In this week’s Dispatches from the Secret Library, Dr Oliver Tearle considers Drummond Allison, a poet who died in the Second World War
‘Lost Generation’. That was the name Gertrude Stein gave to F. Scott Fitzgerald, Ernest Hemingway, and their contemporaries, men who’d lived through the Great War. Of course, many writers were lost in the war themselves, killed in action while still in their twenties (or younger): Isaac Rosenberg, Charles Hamilton Sorley, Wilfred Owen. But the Second World War also produced its own lost generation: born just after the First World War and destined to perish in the Second. Of that generation, it would be those poets who survived the Second World War, or who were excused active service for health reasons, who would go on to achieve wider notice: Charles Causley, Richard Wilbur, and, most of all, Philip Larkin. Yet although Sidney Keyes and Alun Lewis died before, perhaps, their full potential could be realised, Keith Douglas, as I’ve previously observed, was a great poet even by the time he died aged 24 during the D-Day campaign. Drummond Allison was also a very accomplished poet by the time he died, aged just 22, while fighting on the Garigliano. Yet next to Allison’s, Douglas’s small measure of fame looks positively stratospheric. Read the rest of this entry
10 of the most classic children’s rhymes
For most of us, nursery rhymes are the first poems we ever encounter in life. They can teach us about rhythm, and about constructing a story in verse, and, occasionally, they impart important moral lessons to us. More often than not, though, they make no sense at all. In this post, we’ve picked ten of the very best nursery rhymes, though this list isn’t designed to be comprehensive, of course. Which ten classic nursery rhymes would you pick to teach to children?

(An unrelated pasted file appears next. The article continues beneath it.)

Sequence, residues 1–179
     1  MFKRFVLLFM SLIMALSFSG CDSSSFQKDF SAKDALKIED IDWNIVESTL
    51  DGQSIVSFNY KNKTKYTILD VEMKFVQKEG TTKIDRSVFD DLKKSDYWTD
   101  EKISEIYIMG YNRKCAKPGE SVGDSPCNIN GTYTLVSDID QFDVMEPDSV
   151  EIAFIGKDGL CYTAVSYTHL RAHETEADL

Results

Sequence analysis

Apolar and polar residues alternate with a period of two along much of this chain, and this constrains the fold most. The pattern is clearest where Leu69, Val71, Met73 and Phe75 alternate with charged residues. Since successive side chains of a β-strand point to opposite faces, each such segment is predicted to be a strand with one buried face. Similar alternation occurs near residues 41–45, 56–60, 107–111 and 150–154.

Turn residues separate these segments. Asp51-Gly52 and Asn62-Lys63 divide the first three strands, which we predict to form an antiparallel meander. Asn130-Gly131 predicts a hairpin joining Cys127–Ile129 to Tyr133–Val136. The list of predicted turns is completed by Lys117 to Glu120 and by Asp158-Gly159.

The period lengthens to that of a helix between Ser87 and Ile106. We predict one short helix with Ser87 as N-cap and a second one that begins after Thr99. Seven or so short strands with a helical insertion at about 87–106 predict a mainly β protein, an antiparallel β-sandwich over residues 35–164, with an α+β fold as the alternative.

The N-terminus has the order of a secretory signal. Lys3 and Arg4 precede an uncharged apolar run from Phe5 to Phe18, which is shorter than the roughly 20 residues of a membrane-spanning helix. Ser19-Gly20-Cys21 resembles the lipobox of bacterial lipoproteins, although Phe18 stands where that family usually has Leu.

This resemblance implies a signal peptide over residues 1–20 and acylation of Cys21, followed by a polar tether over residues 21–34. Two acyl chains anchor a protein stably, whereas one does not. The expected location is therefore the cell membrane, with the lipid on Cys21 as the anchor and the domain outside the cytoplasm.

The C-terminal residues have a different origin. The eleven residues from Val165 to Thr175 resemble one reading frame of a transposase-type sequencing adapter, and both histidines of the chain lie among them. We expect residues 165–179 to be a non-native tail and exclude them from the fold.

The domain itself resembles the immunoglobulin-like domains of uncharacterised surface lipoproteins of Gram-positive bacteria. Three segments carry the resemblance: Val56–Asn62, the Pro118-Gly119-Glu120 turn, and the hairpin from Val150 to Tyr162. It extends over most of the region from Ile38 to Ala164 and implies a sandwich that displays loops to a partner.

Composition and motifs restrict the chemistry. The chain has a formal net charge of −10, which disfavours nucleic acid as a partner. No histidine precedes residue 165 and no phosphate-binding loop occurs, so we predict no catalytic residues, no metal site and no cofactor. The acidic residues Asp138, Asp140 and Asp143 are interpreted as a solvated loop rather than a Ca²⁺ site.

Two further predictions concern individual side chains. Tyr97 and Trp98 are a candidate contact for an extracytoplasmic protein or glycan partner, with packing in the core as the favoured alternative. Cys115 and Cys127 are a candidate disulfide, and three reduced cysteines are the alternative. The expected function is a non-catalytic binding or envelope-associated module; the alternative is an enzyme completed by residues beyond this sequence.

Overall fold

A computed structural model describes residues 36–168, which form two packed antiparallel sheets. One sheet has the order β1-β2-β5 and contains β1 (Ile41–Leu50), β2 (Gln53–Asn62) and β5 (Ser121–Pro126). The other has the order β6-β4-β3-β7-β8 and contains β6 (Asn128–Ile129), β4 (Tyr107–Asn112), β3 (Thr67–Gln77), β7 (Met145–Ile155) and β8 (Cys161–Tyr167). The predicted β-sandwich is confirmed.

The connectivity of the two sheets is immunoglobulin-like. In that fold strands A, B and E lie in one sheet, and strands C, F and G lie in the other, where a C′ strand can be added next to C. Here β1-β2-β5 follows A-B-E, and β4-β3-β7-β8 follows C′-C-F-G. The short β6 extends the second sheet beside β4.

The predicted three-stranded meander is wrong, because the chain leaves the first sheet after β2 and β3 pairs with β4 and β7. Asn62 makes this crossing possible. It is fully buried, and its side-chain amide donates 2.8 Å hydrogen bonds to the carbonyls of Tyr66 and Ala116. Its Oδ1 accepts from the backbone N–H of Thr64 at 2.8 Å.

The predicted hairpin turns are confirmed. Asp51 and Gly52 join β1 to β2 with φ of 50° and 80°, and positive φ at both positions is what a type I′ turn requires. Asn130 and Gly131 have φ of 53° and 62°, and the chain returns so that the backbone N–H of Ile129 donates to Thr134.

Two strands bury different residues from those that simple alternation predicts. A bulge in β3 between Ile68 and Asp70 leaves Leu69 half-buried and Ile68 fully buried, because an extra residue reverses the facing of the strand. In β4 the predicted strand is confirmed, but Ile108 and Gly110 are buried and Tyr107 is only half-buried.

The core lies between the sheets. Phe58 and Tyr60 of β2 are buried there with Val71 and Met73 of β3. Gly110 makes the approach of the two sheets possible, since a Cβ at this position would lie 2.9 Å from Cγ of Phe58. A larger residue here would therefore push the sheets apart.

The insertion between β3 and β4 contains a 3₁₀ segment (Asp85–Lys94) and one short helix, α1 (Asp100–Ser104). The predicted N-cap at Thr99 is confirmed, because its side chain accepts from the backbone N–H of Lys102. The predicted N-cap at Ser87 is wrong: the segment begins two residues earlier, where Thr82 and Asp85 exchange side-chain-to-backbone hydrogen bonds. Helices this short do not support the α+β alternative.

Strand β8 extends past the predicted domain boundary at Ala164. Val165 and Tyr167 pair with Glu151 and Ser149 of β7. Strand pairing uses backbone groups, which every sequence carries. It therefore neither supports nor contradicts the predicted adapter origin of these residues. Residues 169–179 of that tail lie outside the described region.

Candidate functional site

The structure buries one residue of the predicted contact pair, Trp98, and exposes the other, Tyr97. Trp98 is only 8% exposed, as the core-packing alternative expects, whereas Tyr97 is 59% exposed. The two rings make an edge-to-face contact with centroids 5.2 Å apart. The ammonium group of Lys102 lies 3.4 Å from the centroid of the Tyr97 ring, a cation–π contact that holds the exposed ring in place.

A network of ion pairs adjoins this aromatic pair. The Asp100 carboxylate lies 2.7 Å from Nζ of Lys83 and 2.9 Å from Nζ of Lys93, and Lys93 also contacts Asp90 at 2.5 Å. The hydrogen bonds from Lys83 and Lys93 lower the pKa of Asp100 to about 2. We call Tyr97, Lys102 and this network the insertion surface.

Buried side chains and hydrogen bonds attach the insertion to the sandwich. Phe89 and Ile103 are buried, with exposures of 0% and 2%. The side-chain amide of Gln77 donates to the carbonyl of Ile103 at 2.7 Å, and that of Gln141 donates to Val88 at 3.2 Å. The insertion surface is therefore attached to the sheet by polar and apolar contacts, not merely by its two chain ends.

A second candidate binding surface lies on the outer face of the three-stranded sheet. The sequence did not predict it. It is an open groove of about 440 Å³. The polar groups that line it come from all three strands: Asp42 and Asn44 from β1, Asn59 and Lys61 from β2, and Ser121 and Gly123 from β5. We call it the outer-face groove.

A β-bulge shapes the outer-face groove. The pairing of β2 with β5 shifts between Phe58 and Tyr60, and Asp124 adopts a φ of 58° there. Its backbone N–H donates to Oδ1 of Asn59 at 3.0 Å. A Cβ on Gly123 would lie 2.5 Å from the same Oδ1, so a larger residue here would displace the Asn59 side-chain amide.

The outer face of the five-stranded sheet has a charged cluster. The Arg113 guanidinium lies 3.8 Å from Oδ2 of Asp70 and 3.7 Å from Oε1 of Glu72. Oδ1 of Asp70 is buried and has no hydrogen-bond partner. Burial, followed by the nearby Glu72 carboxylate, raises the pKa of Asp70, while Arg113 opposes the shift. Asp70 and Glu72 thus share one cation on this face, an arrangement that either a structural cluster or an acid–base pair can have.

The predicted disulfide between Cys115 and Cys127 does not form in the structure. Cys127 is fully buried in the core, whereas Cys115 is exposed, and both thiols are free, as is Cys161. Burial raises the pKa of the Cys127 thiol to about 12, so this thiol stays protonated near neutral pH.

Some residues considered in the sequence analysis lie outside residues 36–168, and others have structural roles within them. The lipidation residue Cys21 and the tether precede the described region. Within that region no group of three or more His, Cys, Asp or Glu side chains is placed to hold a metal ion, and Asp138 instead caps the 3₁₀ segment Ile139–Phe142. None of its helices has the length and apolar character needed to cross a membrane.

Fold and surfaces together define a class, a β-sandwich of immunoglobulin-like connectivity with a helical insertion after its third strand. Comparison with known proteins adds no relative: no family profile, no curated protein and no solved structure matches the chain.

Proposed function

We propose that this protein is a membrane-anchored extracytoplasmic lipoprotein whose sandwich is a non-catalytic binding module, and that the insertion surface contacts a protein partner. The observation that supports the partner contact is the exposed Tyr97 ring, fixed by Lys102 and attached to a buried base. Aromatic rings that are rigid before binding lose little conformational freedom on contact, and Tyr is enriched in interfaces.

‘Jack and Jill’. If you read one of these old chapbook versions, you encounter a ‘Jack and Jill’ rhyme that is a whopping fifteen stanzas long, but the most familiar version for modern readers is the two-stanza rendering which details a boy and girl going up a hill to fill their bucket with water (why the well is at the top of a hill is difficult to say), their subsequent accident, and Jack’s ensuing treatment for his injuries. Read the rest of this entry
A commentary on one of Hopkins’s ‘Terrible Sonnets’
‘No Worst, There Is None’ is one of a group of sonnets the poet Gerard Manley Hopkins (1844-89) wrote when he was suffering from depression in the 1880s, while living in Ireland. These are known as the ‘Terrible Sonnets’ because of the terrible fits of misery and despair which inspired them, and which they so brilliantly capture. Before we proceed to offer a few words of analysis of ‘No Worst, There Is None’, here’s a reminder of the poem.
No worst, there is none. Pitched past pitch of grief,
More pangs will, schooled at forepangs, wilder wring.
Comforter, where, where is your comforting?
Mary, mother of us, where is your relief?
My cries heave, herds-long; huddle in a main, a chief
Woe, wórld-sorrow; on an áge-old anvil wince and sing —
Then lull, then leave off. Fury had shrieked ‘No ling-
ering! Let me be fell: force I must be brief.’ Read the rest of this entry